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Dr. Hopland no longer in quarantine, should be home Sunday night

John Thompson • Updated Mar 4, 2020 at 9:10 PM

ELIZABETHTON — Dr. Arnold Hopland was in great spirits spirits Wednesday. After spending more than a month in quarantine for the coronavirus, the Japanese government allowed him to leave the dormitory room at the National Tax College and move to a hotel.

Hopland was able to do some shopping for clothes and other items he needs for his return trip to the United States and he was able to once again enjoy being with people.

“Yes, it is great to be out,” said Hopland, a physician from Elizabethton who became part of the quarantine of all the passengers and crew on board the Diamond Princess cruise ship when the coronavirus broke out on the ship while it was docked in Yokohama, Japan. Although Hopland never became sick, the fact that he had likely come in contact with others who had the disease caused him to endure a quarantine that lasted almost exactly a month.

His wife, Jeanie, tested positive for the coronavirus and the couple were separated for a few weeks while she was placed in a Tokyo hospital. On Sunday, she was tested and found to be free of the disease and was allowed to fly back to the Tri-Cities this week.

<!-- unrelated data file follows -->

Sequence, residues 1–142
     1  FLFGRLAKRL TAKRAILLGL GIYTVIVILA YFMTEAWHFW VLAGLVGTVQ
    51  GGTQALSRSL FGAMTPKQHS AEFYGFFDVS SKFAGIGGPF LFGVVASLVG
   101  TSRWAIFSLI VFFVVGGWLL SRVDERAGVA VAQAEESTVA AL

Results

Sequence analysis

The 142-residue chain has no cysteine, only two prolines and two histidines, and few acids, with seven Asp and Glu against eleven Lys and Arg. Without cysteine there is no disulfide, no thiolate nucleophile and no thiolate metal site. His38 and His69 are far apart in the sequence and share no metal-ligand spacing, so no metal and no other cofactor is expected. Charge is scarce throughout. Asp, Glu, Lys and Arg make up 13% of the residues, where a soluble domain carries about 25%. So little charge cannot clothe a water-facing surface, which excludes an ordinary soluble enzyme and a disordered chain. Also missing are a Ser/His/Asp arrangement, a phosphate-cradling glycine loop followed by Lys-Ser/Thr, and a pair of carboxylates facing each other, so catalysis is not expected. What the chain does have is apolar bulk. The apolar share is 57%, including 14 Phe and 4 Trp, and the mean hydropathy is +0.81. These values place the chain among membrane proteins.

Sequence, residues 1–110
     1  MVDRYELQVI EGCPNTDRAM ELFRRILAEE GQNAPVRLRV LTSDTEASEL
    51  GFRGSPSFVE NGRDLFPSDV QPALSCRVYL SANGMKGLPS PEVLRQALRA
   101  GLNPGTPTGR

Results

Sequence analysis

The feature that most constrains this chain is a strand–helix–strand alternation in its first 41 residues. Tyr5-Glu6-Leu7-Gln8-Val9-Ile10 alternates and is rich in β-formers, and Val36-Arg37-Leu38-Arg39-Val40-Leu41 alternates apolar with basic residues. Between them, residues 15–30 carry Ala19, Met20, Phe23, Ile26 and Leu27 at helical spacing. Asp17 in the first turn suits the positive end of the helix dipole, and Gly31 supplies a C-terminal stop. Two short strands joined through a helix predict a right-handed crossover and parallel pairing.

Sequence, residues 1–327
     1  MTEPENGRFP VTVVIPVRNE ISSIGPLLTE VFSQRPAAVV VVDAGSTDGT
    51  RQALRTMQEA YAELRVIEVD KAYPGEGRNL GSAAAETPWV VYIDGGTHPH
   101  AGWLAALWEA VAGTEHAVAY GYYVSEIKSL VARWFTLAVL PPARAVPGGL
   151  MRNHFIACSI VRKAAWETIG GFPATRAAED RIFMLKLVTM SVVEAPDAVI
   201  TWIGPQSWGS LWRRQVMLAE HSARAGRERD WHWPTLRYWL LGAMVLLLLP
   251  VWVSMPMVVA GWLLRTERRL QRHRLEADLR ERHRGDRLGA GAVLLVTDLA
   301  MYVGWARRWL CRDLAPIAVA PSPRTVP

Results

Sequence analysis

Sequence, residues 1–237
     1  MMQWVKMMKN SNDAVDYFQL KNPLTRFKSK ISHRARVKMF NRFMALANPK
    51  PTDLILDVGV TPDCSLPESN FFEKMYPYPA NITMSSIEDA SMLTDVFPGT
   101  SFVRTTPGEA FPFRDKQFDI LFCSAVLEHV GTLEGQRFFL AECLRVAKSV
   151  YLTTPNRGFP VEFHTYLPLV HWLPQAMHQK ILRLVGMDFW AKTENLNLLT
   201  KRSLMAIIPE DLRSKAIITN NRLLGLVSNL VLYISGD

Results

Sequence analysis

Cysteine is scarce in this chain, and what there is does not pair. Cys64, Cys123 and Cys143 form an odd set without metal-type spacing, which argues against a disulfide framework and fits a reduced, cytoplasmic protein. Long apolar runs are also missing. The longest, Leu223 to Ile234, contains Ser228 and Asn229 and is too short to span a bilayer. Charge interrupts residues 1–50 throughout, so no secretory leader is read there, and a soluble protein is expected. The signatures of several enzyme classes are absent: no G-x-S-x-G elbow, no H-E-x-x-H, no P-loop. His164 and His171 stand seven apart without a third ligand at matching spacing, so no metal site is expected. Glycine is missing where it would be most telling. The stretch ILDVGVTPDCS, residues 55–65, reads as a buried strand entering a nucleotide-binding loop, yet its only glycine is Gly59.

Hopland said he will soon be following his wife across the Pacific Ocean. Although he is no longer quarantined, he said the Centers for Disease Control and Prevention has to complete the process to get his name removed from the restricted flight list. Hopland said he hopes to fly home on Sunday. He is staying at the Radisson Hotel in Narita.

Although plans cannot be finalized until his name is off the restricted fly list, Hopland said the tentative plans are for him to fly out of Narita on Sunday. His plane will land in Dallas-Fort Worth, where he will go through customs. He will then continue on to Tri-Cities on the same route taken last Sunday by Mrs. Hopland. He said the plans are for him to arrive in Tri-Cities around midnight on Sunday.

“I will be crossing the International Date Line, so I will be getting on the plane and getting off on Sunday,” he said.

In the meantime, Hopland is enjoying his freedom from quarantine and the hospitality of the Japanese government. He said the Japanese enabled him to get more clothes and items he needed because his luggage had already been forwarded to the United States.

Hopland said he is also continuing to write his book on his experiences with the government response to the coronavirus outbreak.

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